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Welcome to Kat Dennings Diaries, a fansite dedicated to the actress Kat Dennings. She became known to the general public as the sassy waitress Max Black in the comedy 2 Broke Girls and in the shoes of the witty Darcy Lewis of the Marvel Cinematic Universe. Kat can now be seen in Hulu's new show Dollface. We aim to be your go-to source for Kat goodness and offer a comprehensive archive of her career and fierceness.
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    Kat Dennings Talks Breaking the Sci-Fi Heroine Mold in Dallas & Robo

    2018, May 24   |   Written by Graham Techler

    The eponymous main characters of Dallas & Robo, the new YouTube Red original series from Mike Roberts and adult animated comedy superproducers ShadowMachine, are not your average space cadets. They’re not the haunted cowboys of Firefly. They’re not concerned with cosmic destinies like the Guardians of the Galaxy. They’re not even the manic semi-protagonists of Rick and Morty, the show’s closest cousin. They are strictly there to fuck around and have a good time, particularly Dallas (Kat Dennings), an unconventional heroine. “She’s kind of bad,” says Dennings. “She drinks, and she’s crazy, she’s impulsive, she’s lecherous.” And she could truly give a shit about whatever space problem you’re dealing with right now.


    This is apparent right from the cold open of the pilot, which sees a couple flying in the wrong side of the quadrant beset by a gang of space cannibals (sort of a cross between War Boys and Reavers, and not the last of the sci-fi references the show regularly trades in). Before they can be eaten, the spaceship equivalent of an eighteen-wheeler barrels out of nowhere and crashes through the cannibal fleet, decimating it. Who are their rescuers? What compelled them to save the day? Well, it’s just Dallas and Robo (John Cena). Literally asleep at the wheel.

    It’s the first opportunity Dennings has had to flesh out an animated character to this degree, despite having dropped in on almost every animated sitcom you can name. “It’s interesting,” she says. “They have the episodes all done before you start recording the season. So that’s a luxury that, doing other types of TV, you don’t have. You do a few episodes and then you don’t really know what happens next. Whereas in this, you kind of complete her whole story, and you get to see sketches… With this, I had the luxury to see what she looks like. Sometimes you don’t have any idea who you’re playing.” This doesn’t just allow the character to begin the series more or less fully formed, it opens up opportunities for new character choices that wouldn’t be possible otherwise. Animation becomes, in Dennings’ words, “the most freeing way of acting.”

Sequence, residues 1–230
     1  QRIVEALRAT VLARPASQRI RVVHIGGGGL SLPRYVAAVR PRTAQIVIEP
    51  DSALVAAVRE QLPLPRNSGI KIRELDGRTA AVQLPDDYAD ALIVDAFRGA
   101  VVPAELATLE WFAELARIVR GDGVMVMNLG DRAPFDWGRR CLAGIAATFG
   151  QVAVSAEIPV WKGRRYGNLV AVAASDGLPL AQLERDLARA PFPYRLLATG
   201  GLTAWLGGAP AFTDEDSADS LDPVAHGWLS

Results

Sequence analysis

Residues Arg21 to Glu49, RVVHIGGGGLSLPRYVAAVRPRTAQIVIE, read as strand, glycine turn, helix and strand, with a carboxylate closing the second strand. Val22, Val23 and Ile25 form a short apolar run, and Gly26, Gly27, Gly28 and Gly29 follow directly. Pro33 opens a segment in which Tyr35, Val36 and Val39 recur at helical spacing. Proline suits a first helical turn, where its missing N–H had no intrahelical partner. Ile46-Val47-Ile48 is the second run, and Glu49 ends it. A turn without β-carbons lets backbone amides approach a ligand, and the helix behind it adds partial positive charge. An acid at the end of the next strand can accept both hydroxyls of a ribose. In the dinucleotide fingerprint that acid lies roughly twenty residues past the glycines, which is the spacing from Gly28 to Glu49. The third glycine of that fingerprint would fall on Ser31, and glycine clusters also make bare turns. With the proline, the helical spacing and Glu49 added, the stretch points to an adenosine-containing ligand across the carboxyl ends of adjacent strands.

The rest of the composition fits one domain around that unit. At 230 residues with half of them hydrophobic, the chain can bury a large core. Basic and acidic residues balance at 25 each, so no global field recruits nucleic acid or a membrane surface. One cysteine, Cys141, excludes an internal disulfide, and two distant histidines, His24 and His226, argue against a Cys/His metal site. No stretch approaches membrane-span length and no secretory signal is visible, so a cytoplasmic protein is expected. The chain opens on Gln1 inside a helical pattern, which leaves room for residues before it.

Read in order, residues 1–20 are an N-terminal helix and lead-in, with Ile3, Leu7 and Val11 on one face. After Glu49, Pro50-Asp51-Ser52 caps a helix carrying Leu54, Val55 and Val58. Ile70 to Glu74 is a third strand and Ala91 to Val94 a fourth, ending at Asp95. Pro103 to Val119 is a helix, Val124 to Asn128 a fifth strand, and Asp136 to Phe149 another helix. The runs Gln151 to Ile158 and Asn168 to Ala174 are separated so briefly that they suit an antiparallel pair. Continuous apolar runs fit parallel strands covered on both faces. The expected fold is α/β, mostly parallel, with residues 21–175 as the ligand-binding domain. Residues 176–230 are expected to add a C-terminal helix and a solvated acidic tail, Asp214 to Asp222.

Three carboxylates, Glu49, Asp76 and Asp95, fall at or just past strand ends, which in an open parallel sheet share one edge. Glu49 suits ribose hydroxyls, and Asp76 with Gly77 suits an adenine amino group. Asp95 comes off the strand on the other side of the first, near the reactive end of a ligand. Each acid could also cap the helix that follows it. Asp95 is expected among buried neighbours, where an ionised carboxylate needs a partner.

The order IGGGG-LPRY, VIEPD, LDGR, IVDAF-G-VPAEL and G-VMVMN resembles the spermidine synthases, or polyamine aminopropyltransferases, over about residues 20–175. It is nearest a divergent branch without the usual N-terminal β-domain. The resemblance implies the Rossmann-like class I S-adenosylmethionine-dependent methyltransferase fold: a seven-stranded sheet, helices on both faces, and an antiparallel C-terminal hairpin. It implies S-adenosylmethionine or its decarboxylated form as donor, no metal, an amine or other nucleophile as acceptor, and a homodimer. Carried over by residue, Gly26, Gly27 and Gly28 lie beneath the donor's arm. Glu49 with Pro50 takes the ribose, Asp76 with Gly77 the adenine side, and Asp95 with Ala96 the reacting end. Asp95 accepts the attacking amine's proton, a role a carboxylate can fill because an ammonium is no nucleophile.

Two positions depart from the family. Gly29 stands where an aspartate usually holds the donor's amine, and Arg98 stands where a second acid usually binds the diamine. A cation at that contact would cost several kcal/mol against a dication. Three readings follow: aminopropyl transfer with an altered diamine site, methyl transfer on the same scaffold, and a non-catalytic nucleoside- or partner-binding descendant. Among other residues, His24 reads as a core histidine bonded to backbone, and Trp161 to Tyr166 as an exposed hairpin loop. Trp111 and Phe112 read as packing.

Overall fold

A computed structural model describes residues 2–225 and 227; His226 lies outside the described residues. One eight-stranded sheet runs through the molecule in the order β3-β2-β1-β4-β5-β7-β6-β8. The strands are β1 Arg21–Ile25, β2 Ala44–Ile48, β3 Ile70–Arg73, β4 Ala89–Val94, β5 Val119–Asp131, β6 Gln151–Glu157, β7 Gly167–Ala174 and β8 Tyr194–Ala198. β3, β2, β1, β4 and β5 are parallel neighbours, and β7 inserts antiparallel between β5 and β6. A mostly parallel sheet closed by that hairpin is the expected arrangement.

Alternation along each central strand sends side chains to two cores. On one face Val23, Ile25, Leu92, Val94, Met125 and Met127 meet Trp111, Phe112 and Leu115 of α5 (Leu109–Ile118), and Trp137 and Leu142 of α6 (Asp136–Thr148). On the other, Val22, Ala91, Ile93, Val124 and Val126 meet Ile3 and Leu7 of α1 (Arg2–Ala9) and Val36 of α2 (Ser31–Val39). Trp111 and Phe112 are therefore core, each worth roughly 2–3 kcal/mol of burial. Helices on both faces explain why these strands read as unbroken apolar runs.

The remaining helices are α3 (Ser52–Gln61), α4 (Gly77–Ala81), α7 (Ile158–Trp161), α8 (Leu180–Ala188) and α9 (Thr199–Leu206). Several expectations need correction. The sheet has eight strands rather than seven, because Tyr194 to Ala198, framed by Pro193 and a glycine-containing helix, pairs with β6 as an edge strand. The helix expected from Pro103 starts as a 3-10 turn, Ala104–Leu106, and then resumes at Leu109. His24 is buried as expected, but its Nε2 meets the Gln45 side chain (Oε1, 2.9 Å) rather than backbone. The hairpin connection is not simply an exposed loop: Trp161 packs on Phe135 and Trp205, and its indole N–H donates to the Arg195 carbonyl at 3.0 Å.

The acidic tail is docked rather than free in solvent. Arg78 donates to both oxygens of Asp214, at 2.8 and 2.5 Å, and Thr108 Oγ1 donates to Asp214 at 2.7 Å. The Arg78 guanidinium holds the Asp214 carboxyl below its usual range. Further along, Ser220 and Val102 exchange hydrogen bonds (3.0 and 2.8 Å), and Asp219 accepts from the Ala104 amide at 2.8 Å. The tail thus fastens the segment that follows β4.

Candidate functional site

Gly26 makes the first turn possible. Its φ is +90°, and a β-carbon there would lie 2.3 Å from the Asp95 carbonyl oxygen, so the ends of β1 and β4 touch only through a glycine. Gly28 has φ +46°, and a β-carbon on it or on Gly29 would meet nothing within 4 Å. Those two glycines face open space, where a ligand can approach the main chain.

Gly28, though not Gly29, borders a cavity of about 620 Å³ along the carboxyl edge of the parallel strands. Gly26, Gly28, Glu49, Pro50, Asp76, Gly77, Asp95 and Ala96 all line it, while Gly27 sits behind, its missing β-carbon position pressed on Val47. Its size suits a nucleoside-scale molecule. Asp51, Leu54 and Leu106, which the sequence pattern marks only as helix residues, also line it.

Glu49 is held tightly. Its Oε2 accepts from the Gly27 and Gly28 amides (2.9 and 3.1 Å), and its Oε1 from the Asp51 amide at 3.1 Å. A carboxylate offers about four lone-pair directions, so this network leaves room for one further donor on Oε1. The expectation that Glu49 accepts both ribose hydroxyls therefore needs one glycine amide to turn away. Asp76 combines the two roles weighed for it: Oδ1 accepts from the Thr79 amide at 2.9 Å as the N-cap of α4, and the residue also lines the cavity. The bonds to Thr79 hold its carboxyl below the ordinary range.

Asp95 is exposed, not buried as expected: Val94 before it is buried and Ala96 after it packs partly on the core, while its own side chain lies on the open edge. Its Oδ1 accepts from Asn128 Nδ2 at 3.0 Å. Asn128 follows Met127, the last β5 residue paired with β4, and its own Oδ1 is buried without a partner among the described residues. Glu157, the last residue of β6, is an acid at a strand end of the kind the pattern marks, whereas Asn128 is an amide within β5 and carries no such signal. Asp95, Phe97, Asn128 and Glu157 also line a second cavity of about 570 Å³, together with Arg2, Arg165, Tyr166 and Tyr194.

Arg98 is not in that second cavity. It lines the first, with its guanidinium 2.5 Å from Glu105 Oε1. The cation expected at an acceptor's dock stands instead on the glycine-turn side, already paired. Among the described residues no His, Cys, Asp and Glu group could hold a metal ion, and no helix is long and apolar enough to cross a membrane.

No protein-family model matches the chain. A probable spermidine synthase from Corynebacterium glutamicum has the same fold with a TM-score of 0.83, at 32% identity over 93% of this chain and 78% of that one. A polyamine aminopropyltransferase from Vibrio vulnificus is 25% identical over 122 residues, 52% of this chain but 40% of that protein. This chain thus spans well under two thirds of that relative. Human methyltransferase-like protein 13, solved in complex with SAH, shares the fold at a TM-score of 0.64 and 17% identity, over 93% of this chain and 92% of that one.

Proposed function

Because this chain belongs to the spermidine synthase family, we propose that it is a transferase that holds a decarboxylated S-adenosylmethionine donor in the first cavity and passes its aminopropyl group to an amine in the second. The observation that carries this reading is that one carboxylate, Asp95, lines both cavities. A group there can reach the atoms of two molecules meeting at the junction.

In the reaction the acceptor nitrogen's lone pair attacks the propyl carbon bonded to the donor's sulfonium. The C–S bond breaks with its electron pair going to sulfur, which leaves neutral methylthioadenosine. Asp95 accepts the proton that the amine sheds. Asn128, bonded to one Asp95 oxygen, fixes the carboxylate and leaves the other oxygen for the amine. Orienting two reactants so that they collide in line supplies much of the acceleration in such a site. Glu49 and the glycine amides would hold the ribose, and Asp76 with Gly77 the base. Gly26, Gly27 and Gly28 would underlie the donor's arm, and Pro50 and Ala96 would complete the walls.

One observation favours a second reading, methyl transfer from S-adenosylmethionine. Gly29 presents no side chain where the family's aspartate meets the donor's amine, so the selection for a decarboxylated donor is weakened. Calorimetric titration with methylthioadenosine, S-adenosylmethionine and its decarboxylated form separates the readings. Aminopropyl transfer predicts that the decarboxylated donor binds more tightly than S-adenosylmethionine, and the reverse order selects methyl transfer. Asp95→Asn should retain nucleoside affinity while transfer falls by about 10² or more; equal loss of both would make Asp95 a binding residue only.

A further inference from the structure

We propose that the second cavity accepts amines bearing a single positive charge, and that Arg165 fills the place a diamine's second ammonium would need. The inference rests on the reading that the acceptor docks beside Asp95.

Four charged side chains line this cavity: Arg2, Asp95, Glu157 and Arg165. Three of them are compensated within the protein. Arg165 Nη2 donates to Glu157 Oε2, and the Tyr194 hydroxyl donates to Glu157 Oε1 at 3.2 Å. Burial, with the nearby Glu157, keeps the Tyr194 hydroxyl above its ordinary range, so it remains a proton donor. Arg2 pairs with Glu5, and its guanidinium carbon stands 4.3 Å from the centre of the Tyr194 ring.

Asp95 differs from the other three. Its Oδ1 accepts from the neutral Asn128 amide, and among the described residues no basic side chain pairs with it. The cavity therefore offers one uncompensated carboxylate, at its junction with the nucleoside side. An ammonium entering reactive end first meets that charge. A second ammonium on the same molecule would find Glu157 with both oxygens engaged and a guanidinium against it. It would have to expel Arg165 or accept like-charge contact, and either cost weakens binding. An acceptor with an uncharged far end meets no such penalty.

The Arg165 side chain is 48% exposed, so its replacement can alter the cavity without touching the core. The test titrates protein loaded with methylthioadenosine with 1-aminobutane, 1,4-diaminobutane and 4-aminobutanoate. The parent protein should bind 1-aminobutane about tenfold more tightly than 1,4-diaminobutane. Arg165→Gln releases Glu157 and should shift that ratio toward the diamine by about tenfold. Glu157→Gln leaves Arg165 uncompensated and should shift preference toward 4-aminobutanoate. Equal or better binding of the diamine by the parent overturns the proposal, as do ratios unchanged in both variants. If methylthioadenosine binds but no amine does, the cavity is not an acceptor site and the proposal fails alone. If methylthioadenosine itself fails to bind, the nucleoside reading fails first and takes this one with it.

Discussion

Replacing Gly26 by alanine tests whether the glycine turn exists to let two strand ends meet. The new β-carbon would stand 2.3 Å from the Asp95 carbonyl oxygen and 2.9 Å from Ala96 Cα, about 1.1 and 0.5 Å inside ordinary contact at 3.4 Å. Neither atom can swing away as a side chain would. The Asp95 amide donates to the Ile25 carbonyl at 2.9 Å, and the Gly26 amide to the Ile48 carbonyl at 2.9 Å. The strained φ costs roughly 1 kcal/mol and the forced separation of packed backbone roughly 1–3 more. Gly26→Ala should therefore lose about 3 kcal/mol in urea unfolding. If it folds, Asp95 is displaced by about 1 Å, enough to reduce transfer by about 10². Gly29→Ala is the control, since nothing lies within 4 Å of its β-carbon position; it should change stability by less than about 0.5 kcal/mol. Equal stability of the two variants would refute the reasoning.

And as a character, Dallas is somewhat uncharted territory for any actress. She nominally does for, say, Han Solo what Rick Sanchez does for Doc Brown—honing in on that character’s distinguishing element and underlining the shit out of it. The difference is that female characters in these kinds of shows a) aren’t normally the lead character (Robo and Dallas argue over who is whose sidekick, but Robo is definitely the Watson here), and b) they don’t normally get to be so roguish. “It wasn’t like when I signed up they were like ‘oh, we should give her a bigger role,’” says Dennings. “This was the show… That’s what attracted me so much—that she’s playing the role that, typically, a dude would play.” For her, the atypical character has paid off, creatively. “She is my favourite character I’ve ever played,” she adds. “Ever. In my entire career. I get so much joy from saying the things that she says.”

    The supporting cast also gives Dallas & Robo the opportunity to flesh out a universe of scum and villainy. Specifically, villainy. The first two episodes introduce both Carol (Jane Lynch), a former acquaintance of Dallas’s, now the leader of the aforementioned pack of bloodthirsty cannibals, and Clancy Brown as a bounty hunter known only as The Stranger—playfully mixing and subverting Rick Deckard, Preacher’s Saint of Killers and Westworld’s Man in Black. “They’re massive fans of those genres,” Dennings says of the show’s writers and creators, “and got a lot of pleasure out of working in those little jokes and references like that.”

    Plus, Dennings—a sitcom and rom-com veteran—gets a front seat to one of the most interesting Second Acts of a recent American Life, the evolution of WWE wrestler John Cena into a bona fide comedy star. “John Cena in a tiny booth is a fun thing to look at,” says Dennings. “It’s like a refrigerator in a mailbox.” Dennings and Cena’s relationship on Dallas & Robo certainly draws on their real life personas (they are physically very similar to their animated selves, notes Dennings). But both strike out in unusual directions. Dallas is pretty unhinged. The massive Robo is a sensitive soul, an artifact from an era of A.I. the universe is determined to wipe out. It just goes to show: with YouTube Red providing new platforms for TV creators to get work off the ground, everyone involved is provided the opportunity to boldly go where they haven’t gone before.









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